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Flashcards in Migraines/HA Deck (105):
1

What causes an aura phase?

Reduction in cerebral blood flow that beings in the occipital region and moves across the cerebral cortex

2

What causes migraines?

From fibers in the intracranial extra cerebral blood vessels, dura mater, and large venous sinuses
Could be related to dysregulation of serotonin release
Genetics

3

Are there any nociceptors in the brain?

No

4

What causes the release of neuropeptides in migraines?

Activation of the trigeminal sensory nerve

5

What neuropeptides are released during a migraine?

Calcitonin gene related peptide (CGRP)
Neurokinin A
Substance P

6

What do neuropeptides cause?

Vasodilation
Dura plasma extravasation

7

What parts of genetics can cause migraines?

Cause imbalances of the CNS which have a lower threshold for pain
Abnormalities in Ca and Na channels responsible for neurotransmitter
Low levels of serotonin, dopamine, and increased levels of glutamate

8

What is premonitory sx?

Occurs in the hours or days before the onset of the HA
Can vary greatly between individuals, but is consistent w/in the individual
Generalized throughout the body
Bothersome but not debilitating
Could be caused from something other than a migraine

9

What is an aura?

A complex of positive and negative focal neurologic sx that precedes or accompanies an attack
Evolves over 5-20 minutes
Lasts less than 60 minutes
Most often visual and affects half of visual field
Most often debilitating

10

What are positive sx of an aura?

Scintillations
Photopsia (flashes of light)
Teichopsia (shimmering colors)
Fortification spectrum (arc of light)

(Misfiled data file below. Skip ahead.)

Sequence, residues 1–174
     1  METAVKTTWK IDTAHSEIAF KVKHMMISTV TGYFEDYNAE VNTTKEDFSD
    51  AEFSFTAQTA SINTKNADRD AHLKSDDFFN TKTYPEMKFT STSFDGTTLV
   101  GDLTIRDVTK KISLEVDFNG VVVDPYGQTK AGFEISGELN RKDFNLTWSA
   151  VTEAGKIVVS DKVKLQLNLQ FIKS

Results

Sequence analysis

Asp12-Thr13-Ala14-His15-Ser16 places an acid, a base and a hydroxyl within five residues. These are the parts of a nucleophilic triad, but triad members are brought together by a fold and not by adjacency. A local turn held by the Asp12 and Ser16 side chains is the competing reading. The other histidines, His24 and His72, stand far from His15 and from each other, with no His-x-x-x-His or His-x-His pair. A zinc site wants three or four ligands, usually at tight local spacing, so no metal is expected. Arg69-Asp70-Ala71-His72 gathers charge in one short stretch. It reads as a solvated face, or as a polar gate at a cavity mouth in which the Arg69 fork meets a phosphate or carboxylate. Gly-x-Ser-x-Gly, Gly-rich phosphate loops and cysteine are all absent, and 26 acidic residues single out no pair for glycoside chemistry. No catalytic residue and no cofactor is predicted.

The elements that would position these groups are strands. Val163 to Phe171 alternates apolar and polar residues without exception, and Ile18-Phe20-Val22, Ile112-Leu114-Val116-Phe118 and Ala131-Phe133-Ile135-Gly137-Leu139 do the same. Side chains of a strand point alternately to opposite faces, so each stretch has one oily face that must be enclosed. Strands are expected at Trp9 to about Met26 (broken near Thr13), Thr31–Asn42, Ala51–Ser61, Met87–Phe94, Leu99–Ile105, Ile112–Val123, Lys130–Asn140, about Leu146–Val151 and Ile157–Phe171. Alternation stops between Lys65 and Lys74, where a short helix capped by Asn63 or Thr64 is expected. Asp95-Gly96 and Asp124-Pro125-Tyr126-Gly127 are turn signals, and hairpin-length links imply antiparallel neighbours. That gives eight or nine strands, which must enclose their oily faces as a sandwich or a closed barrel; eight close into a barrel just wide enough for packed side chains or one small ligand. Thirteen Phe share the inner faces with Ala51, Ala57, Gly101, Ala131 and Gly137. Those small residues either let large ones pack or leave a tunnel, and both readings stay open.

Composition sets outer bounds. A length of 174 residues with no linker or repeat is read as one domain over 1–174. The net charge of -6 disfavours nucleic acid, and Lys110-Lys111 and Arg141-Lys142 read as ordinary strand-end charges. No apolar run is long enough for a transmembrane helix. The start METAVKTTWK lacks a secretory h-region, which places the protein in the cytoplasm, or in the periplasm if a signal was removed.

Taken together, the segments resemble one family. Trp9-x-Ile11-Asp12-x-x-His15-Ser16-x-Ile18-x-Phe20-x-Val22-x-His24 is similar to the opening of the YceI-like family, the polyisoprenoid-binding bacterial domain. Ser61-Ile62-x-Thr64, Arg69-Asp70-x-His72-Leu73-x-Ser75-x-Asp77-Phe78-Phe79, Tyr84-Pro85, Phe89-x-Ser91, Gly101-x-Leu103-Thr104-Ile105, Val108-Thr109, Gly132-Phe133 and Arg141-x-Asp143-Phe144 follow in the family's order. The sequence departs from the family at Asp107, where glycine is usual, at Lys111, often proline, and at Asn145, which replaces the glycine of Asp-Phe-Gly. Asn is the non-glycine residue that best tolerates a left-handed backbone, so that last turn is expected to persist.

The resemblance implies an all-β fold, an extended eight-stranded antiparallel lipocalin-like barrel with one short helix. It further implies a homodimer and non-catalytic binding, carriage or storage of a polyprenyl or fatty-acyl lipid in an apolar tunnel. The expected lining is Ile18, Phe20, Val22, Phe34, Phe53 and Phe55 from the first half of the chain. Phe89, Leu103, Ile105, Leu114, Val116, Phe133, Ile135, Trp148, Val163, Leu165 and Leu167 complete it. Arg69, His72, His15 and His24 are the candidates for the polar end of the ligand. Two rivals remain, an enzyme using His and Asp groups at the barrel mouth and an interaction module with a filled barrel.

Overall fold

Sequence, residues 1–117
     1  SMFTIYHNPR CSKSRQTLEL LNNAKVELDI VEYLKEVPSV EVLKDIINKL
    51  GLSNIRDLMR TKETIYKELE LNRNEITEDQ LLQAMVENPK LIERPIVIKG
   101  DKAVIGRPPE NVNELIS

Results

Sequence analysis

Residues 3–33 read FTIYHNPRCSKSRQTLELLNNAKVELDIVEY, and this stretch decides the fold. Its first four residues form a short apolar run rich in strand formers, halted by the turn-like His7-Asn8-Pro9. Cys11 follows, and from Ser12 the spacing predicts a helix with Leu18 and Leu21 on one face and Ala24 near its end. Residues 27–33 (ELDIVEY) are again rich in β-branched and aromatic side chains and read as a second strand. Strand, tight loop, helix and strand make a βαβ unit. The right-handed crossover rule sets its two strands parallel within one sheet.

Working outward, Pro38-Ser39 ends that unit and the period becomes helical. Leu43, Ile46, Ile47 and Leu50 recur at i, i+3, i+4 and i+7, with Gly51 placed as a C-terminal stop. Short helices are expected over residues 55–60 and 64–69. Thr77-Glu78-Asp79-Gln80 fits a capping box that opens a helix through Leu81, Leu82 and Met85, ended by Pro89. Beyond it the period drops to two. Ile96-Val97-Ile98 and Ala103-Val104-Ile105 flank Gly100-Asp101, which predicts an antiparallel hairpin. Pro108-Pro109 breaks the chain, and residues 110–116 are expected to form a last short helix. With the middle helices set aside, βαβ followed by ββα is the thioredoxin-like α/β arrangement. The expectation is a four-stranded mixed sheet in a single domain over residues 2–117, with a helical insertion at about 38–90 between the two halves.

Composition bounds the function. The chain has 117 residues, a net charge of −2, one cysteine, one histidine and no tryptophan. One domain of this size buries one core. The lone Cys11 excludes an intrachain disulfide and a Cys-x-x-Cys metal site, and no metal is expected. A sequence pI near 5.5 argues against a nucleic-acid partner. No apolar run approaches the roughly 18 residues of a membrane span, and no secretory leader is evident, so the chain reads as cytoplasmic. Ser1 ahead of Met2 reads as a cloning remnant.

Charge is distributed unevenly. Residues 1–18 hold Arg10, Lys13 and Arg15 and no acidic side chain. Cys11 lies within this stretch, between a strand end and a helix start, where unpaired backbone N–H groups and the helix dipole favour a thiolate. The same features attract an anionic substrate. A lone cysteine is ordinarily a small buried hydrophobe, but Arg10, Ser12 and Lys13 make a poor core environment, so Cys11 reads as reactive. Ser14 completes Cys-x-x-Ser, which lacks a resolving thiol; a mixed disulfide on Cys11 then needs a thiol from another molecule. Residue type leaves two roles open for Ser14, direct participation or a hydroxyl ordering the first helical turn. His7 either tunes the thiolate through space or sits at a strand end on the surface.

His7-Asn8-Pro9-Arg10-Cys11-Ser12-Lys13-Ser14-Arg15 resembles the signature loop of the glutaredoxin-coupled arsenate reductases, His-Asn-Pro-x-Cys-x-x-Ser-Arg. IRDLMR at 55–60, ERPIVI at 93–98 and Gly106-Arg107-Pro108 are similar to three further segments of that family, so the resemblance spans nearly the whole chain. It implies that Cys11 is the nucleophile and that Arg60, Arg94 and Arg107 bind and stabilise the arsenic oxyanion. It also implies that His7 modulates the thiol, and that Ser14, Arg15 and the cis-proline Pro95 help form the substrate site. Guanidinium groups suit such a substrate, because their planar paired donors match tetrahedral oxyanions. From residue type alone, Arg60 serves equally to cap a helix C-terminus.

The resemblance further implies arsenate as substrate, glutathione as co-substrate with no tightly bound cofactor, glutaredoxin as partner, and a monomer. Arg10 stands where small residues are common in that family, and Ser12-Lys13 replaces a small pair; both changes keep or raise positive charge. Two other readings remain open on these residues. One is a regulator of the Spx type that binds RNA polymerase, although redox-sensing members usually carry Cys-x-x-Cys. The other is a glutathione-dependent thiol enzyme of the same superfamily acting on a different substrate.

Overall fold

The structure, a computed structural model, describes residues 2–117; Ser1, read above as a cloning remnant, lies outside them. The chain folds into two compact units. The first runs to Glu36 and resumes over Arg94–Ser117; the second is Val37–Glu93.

11

What are negative sx of an aura?

Scotoma (area of partial alteration in the field of vision)
Hemianopsia (decreased vision in half the field)

12

What are the sensory/motor sx of an aura?

Numbness in face and arms
Dysphasia
Weakness
Hemiparesis

13

What are the presentations of migraines?

Aura
Premonitory sx
Gradual onset, peaking in minutes, lasting 4-72 hours
Pain in face and head, most common in frontotemporal region
Unilateral initially, can become bilateral throughout the attack
Throbbing and pulsating
Common: nausea, GI SEs

14

What are common food triggers of migraines?

Chocolate
Pickled foods
MSG
Aspartame
Tyramine

15

What environmental factors are triggers of migraines?

Glare
Flickering lights
High altitude
Loud noises
Strong smells
Weather changes

16

What are behavioral factors that are triggers of migraines?

excess or insufficient sleep
Fatigue
Menstruation
Sexual activity
Skipped meals
Prolonged exertion
Stress

17

What is a mild HA?

Aware of HA
Able to continue daily routine w/minimal alterations

18

What is a moderate HA?

HA inhibits daily activities
Not incapacitating

19

What is a severe HA?

Incapacitating

20

What patients should receive migraine tx?

Greater than 2 attacks/week
Attacks lasting longer than 48 hours

21

What is the maximum amount of days that HA medications should be taken?

9 days/month

22

What is the most common cause of daily HA?

Medication overuse

23

What is the HA medication cycle?

HA returns as soon as medication wears off

24

What are non-pharm migraine tx options?

Track HA/activities/triggers/sx to avoid/decrease potential

25

What are the most effective OTC analgesics for migraine?

NSAID or ASA/APAP/Caffeine

26

Which medications have higher risks of rebound HA?

Combination

27

When is APAP recommended?

HA monotherapy

28

Which NSAIDs have the most demonstrated benefit for migraines?

ASA
Ibuprofen
Naproxen
Tolfenamic acid

29

How do NSAIDs work in migraines?

Inhibits inflammation and pain by inhibiting PGs

30

What is the MOA of barbiturates in migraines?

Depresses the sensory cortex
Decreased motor activity
Altered cerebellar function
Drowsiness and sedation
Respiratory depression

31

What are the concerns of butalbital use in migraines?

Overuse
Abuse
WD